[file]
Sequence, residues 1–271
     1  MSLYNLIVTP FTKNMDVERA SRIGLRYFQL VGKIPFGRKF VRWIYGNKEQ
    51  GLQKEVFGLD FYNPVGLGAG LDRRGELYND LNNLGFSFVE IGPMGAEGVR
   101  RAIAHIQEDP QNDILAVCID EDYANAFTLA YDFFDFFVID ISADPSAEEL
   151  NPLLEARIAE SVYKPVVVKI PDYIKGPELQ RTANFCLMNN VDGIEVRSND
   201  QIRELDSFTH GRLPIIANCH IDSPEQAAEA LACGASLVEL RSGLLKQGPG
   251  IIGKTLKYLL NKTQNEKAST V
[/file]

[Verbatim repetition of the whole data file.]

Sequence, residues 1–271
     1  MSLYNLIVTP FTKNMDVERA SRIGLRYFQL VGKIPFGRKF VRWIYGNKEQ
    51  GLQKEVFGLD FYNPVGLGAG LDRRGELYND LNNLGFSFVE IGPMGAEGVR
   101  RAIAHIQEDP QNDILAVCID EDYANAFTLA YDFFDFFVID ISADPSAEEL
   151  NPLLEARIAE SVYKPVVVKI PDYIKGPELQ RTANFCLMNN VDGIEVRSND
   201  QIRELDSFTH GRLPIIANCH IDSPEQAAEA LACGASLVEL RSGLLKQGPG
   251  IIGKTLKYLL NKTQNEKAST V